Deepwater Horizon Still Plagues the Health of Children a Decade Later
Research says children suffered physical and mental health as a result of the largest offshore oil spill in U.S. history
This is The Color of Climate, a weekly column from OneZero exploring how climate change and other environmental issues uniquely impact the future of communities of color.
A Google Image search of “Deepwater Horizon aftermath” brings up an onslaught of sludge — pictures of animals, detritus, and large swaths of the Gulf of Mexico covered in crude oil. Since the massive BP-operated drilling rig exploded and led to a months-long oil spill in 2010, the area has seen massive losses to marine life, the generation of at least 35,000 tons of spill-related solid waste, and oil covering over 57,000 square miles of the Gulf.
The explosion killed 11 workers and injured 17 others, but the physical and mental health effects of the event went far beyond that, largely affecting poor people and communities of color. Thousands of people in the region became sick with a range of ailments six years after the spill, including seizures, dizziness, and leukemia. Eighty-eight workers who helped clean it up had worsening cardiac and pulmonary conditions seven years after exposure. Now, research published in the journal Environmental Hazards shows that children who grew up in the Gulf during the spill and its aftermath also experienced lasting physical and emotional effects.
In 2014, researchers from Columbia University surveyed over 700 parents living in areas of coastal Louisiana that were most affected by the spill. This included the New Orleans metropolitan area, which is 35% Black and 9% Hispanic; 17.5% of the population lives below the poverty line while the national rate is 13.1%. When the oil spill occurred, the population was still recovering from the devastation caused by historic hurricanes like Katrina and Rita, and trying to prepare for future storms and sea-level rise.
“It was not a good feeling to see that kids were still suffering because of the oil spill.”
Of the parents surveyed, 60% said their child experienced respiratory symptoms, vision problems, skin problems, headaches, and/or unusual bleeding — all of which are linked to exposure to crude oil — in the aftermath of the spill. The researchers found that 12% of children and 21% of adults had direct contact with oil, tar, or cleaning agents, and about 36% of them could smell the oil spill.
Meanwhile, 30% of parents said that in the aftermath of the spill, their child experienced mental health issues, like being depressed or very sad, feeling nervous or afraid, having sleeping problems, or having problems getting along with other children.
“It was not a good feeling to see that kids were still suffering because of the oil spill,” says Jaishree Beedasy, PhD, research project director of the National Center for Disaster Preparedness at Columbia University and lead author on the study, tells OneZero. “And we were very surprised in the sense that they were still not getting all the resources [needed] to help them get better, especially I think in terms of social services and educational opportunities. These were not available to them.” Starting from the early recovery stages, poor people and people of color living in these coastal communities have claimed that they were left out of recovery planning and have had relief funds go to lodges and convention centers instead of ecosystem restoration, leaving them without the support they needed after the spill.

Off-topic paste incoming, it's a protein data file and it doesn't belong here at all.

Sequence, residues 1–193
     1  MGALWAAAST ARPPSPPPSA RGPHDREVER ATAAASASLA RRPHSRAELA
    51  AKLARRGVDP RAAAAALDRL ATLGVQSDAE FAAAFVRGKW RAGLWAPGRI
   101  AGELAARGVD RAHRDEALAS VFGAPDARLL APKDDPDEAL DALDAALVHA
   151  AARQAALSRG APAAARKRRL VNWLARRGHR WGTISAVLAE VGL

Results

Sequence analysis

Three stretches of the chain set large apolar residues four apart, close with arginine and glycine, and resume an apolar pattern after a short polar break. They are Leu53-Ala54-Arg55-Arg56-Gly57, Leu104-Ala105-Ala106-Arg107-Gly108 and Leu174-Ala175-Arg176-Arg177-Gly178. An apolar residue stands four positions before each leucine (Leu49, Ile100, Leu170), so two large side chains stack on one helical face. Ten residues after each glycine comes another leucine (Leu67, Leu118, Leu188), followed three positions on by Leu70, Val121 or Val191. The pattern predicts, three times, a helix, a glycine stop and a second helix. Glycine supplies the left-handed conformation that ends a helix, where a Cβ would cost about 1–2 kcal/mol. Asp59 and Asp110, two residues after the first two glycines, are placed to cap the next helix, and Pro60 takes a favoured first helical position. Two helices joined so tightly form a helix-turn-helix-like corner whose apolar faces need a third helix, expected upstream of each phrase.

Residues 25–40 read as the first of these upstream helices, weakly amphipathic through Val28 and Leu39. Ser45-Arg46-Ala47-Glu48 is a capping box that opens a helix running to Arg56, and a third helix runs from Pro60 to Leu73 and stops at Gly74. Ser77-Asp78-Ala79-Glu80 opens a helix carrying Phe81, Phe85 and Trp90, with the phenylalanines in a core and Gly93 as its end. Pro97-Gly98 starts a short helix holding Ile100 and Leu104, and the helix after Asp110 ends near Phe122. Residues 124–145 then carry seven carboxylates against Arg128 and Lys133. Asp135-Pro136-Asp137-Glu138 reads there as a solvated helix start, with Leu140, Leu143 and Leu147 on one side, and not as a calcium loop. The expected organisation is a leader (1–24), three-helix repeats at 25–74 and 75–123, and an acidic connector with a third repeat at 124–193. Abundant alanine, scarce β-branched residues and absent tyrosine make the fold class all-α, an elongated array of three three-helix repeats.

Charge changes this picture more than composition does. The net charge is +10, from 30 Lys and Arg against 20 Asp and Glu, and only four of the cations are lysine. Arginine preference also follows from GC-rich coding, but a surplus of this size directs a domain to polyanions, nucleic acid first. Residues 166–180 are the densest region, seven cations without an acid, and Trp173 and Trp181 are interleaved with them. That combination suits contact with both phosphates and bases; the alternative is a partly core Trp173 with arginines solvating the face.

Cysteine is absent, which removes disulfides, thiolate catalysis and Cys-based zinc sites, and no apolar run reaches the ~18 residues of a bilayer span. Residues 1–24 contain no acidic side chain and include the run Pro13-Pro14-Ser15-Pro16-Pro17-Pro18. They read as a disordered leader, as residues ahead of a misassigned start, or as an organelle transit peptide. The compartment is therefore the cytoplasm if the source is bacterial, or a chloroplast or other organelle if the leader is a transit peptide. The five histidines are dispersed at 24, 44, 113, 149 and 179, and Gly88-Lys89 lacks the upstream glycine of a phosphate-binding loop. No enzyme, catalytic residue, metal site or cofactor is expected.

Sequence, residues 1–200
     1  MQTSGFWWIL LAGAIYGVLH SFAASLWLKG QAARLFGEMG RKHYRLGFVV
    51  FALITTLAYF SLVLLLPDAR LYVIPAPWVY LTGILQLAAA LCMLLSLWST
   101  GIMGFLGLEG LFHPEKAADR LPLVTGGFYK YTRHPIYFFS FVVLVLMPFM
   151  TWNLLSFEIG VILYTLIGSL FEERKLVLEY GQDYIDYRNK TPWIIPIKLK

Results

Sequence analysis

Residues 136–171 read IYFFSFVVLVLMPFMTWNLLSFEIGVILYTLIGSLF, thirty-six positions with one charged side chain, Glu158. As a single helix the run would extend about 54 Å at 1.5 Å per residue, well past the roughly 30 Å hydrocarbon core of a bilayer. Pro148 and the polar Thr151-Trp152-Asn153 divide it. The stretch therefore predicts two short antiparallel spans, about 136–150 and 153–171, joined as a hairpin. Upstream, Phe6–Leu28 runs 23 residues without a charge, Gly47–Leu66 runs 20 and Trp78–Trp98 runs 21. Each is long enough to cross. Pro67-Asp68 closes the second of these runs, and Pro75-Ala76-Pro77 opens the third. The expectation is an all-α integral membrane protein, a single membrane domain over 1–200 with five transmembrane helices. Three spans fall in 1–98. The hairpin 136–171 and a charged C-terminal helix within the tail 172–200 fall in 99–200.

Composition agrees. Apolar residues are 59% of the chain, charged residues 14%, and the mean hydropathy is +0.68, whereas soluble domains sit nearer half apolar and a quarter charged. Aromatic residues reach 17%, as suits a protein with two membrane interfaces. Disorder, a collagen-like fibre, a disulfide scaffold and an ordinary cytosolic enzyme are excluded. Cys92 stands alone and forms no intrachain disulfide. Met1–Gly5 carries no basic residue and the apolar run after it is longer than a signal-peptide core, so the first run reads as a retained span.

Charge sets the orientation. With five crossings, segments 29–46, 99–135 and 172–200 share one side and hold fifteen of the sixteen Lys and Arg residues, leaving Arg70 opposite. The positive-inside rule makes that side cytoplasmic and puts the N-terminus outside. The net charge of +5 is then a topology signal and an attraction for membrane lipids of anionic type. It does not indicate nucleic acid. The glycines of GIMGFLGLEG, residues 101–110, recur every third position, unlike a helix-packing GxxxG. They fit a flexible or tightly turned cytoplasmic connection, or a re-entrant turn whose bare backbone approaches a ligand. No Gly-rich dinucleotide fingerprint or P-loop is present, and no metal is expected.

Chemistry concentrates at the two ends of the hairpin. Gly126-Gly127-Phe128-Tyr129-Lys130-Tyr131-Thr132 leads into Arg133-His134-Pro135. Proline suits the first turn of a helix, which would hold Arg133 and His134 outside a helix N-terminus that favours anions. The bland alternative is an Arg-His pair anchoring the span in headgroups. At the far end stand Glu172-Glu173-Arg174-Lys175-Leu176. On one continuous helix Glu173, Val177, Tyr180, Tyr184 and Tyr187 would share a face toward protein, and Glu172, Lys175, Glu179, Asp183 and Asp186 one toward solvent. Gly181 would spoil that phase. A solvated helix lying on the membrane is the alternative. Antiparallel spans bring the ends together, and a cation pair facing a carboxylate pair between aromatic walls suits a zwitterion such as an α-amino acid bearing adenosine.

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The researchers also asked about the economic impact of the oil spill. Nearly 34% said they lost income, and nearly 13% said they lost their job because of the spill.
The impacts of the oil spill fell disproportionately on parents without a college degree, parents of color, and parents whose household income was less than $70,000 per year. Parents who had a college degree, were white, and/or made $70,000 a year or more were less likely to report physical health issues in their children after the oil spill, Beedasy says. This means children of poor people of color were most likely to experience the negative primary and secondary effects of the spill, like going hungry because their parents couldn’t afford food or developing rashes or blisters after coming in contact with the spill.
“That was something that we saw that was important,” she says. “I know this is expected but when you find it starkly like that, then you have to do something about it.”
To do their part, Beedasy and her associates distributed the results of the study in the communities they surveyed, met with local authorities and policymakers in the region about what they found, and created climate resiliency programs for youth in the region.
Although the fossil fuel industry may be “on the ropes,” as indigenous activist Dallas Goldtooth told OneZero earlier in July, Deepwater Horizon shows us that the impact of the industry on our environment and health could last for decades — and that the pollution and contamination created by these projects aren’t distributed equally.
Here are some other stories about Deepwater Horizon 10 years since the summer of sludge:
- In February, Grist’s Emily Pontecorvo explained why Deepwater Horizon was way worse than we first thought.
- Scientists and activists told NBC’s Denise Chow in April that they are worried no lessons have been learned from the explosion and oil spill.
- Also in April, Chris D’Angelo reported for HuffPost that the United States is at greater risk for another massive oil spill than the country was in 2010 when Deepwater Horizon happened.